I’ve been having a retro-private, offline discussion with John on Girls Around Me, which has now erupted into the blogosphere. John summarizes the setup and pushes public data.
These sorts of apps are part of the future, and it’s not all bad. Stross is also right, but he’s right in a science-fictional way – no doubt a professional hazard. Public data can be a good but I can’t get away from an ethical intuition that this data is the wrong shape. It’s a glass building that bakes its occupants at midday.
I’m really glad that at least some people using this are making a deliberate, empowered choice to make their data public because they like the benefits and are comfortable with the risks. That’s tops. You go, young gendered person.
One aspect bugging me is the discounting of defaults that has gone with the transparent school of responses. As we know, pretty much everyone follows the defaults except a few unusually committed users. This is what libertarian paternalism is all about. It’s a well recognized phenomenon in usability.
Facebook and foursquare certainly have ethical obligations around their default settings, and they are systematically failing to think through them. Their model is too crude and it invites blowback. If it really is generational, as John suggests, they should cue based on age. If it’s geographic, by place. That doesn’t even start to address the one identity aspect. Walt Whitman wouldn’t have been welcome on Facebook. He contained multitudes.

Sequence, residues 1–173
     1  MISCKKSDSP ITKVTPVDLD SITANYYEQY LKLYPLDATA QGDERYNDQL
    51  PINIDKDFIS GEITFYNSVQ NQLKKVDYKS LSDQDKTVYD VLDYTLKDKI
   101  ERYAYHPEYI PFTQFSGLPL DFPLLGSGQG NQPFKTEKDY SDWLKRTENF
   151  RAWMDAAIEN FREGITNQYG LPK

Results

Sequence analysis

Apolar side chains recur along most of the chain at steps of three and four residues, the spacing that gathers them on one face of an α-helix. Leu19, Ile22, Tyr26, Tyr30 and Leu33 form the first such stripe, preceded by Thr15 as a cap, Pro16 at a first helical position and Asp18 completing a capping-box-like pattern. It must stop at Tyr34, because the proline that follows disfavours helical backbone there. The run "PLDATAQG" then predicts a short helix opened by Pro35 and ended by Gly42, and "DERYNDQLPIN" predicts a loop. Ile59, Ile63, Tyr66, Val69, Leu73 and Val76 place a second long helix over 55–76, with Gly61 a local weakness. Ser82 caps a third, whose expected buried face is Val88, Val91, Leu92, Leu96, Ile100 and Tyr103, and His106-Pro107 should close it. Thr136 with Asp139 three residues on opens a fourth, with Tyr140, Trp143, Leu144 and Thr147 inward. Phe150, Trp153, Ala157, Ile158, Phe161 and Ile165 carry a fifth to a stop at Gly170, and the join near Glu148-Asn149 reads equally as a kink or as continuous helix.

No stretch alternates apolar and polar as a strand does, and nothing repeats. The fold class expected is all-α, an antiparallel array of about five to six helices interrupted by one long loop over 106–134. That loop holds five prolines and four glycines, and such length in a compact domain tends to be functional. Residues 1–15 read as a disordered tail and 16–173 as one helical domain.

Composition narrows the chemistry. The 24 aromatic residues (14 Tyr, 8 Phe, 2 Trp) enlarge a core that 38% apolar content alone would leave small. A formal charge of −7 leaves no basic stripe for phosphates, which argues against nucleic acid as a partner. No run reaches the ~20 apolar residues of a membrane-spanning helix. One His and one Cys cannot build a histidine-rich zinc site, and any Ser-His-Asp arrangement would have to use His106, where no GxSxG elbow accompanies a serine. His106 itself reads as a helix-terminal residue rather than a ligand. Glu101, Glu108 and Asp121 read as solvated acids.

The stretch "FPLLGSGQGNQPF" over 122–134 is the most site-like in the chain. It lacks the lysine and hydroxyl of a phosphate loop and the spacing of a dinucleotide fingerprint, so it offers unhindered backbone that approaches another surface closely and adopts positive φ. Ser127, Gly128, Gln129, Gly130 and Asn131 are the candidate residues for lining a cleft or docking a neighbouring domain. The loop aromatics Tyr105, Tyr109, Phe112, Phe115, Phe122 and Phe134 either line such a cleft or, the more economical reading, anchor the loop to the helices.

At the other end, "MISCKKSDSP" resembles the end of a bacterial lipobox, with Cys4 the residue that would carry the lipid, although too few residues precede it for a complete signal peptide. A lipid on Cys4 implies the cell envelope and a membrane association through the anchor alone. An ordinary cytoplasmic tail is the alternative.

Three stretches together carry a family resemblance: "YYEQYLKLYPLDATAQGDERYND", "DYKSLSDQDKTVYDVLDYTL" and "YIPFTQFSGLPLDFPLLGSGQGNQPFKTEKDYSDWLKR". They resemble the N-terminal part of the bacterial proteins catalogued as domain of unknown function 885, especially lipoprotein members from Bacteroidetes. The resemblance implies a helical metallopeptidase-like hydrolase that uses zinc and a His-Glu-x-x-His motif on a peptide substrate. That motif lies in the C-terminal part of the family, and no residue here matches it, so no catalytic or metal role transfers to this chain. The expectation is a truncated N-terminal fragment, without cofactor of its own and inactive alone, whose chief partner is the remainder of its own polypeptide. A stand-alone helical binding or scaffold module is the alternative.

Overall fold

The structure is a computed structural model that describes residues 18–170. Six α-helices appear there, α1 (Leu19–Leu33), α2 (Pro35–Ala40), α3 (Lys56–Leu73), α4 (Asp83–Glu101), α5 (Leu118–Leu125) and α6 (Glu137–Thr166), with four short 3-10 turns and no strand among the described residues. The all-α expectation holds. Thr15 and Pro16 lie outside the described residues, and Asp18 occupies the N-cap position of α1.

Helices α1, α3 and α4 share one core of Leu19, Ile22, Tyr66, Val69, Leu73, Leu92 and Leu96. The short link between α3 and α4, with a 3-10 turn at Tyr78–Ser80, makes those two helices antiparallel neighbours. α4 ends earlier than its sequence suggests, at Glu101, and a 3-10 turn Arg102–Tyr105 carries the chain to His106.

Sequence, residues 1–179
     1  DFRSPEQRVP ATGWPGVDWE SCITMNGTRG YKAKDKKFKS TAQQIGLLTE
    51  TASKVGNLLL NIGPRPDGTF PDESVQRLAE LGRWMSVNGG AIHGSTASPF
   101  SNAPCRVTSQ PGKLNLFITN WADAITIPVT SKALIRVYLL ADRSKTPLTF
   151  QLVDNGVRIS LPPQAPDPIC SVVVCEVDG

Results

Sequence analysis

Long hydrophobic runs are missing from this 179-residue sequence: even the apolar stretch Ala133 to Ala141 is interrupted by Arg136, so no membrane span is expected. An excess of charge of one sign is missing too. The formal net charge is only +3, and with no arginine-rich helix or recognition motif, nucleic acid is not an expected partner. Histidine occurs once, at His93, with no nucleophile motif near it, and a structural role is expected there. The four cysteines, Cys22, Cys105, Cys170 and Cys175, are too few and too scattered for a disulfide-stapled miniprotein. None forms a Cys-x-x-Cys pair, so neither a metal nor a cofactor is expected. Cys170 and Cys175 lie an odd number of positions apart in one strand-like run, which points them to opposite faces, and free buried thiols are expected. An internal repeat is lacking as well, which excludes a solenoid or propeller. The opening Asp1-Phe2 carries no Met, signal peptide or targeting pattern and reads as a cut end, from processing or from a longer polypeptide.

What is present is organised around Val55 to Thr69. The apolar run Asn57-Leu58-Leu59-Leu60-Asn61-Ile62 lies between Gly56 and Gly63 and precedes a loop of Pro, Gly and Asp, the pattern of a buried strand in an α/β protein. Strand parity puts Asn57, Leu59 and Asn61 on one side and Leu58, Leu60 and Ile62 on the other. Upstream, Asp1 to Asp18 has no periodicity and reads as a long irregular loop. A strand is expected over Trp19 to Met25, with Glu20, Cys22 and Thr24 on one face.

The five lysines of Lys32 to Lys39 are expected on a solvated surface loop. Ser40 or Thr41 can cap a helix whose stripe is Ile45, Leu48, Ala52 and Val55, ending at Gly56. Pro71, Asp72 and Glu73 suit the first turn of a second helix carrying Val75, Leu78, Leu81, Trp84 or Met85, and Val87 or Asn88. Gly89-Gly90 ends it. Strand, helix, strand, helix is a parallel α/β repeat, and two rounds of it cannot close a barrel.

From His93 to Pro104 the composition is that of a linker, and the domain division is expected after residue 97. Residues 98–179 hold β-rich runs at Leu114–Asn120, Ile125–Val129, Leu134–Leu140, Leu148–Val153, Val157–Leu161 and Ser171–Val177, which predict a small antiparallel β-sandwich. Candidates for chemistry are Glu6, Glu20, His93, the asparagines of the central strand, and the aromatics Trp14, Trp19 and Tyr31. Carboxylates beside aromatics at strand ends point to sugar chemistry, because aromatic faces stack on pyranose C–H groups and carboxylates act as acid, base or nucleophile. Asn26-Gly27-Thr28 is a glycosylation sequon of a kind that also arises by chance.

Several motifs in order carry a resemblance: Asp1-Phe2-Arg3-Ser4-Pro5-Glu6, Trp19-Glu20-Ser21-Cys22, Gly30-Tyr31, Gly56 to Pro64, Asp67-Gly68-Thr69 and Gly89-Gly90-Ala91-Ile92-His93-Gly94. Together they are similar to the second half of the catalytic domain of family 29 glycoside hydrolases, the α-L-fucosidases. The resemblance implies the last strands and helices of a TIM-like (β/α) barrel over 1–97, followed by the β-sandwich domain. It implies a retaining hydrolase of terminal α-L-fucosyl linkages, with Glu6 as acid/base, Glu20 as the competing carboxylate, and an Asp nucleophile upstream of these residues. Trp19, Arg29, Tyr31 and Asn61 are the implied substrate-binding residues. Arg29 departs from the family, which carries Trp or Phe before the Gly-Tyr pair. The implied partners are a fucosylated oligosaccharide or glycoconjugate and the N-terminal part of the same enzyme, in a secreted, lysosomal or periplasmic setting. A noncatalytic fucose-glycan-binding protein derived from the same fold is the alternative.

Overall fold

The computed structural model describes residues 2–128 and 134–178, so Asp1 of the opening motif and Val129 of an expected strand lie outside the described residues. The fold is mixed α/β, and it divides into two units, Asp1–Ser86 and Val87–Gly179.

Lastly, the app itself is a problem. The transparent society is well and good but the Girls Around Me app violated a key part of it. Its asymmetry was rude. The etiquette of a transparent society as Brin envisages it is tilted against the voyeur. It’s far more embarrassing to be spying on your neighbour’s bedroom than anything he may be doing in there. The crassness of this app is its fatal flaw, precisely because the social norms are new and not well established. It’s the loser at the topless beach ogling breasts with his tongue hanging out. If the app had required you to be signed in and broadcasting your identity on Facebook and foursquare – and perhaps had more variety in its objectification of women – it would rightly not have been seen as so threatening. ((All avatars are objectifications.))
Even by new, transparent, social conventions, Facebook, Foursquare and especially the app are cads, sir. Cads.